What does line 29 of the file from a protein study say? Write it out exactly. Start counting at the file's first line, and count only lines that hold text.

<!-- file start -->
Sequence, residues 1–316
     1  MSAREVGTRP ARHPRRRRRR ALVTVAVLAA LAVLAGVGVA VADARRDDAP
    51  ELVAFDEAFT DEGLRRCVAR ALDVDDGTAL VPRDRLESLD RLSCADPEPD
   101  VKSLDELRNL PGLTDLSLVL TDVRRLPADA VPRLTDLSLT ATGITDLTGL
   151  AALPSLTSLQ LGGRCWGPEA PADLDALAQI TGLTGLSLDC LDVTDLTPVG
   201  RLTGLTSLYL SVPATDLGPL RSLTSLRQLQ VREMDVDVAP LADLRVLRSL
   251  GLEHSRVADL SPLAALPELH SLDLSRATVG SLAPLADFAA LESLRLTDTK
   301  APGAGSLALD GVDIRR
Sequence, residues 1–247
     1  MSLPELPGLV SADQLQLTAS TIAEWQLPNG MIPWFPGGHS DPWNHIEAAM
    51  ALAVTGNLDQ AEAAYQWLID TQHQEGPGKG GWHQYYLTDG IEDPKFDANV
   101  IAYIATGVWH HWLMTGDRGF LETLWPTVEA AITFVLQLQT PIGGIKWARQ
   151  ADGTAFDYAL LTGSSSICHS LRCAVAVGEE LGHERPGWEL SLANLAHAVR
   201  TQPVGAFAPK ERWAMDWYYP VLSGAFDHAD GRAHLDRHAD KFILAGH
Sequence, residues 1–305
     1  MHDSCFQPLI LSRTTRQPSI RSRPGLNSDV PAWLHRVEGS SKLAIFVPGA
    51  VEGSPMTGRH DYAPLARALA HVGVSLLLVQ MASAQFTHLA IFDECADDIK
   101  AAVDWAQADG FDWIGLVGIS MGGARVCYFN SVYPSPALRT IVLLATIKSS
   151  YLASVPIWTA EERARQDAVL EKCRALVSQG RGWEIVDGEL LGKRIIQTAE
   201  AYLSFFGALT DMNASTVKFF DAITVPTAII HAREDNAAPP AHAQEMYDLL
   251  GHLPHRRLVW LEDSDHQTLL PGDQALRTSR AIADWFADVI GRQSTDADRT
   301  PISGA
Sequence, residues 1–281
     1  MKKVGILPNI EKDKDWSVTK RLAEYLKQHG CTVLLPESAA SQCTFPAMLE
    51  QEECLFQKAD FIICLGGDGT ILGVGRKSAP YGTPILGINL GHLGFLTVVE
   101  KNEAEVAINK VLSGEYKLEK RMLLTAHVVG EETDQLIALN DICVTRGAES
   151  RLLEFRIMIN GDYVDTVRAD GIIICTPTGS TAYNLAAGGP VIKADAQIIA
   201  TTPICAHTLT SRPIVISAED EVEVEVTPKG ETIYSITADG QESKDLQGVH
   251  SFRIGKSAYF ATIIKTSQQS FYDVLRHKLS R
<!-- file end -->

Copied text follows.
   251  SFRIGKSAYF ATIIKTSQQS FYDVLRHKLS R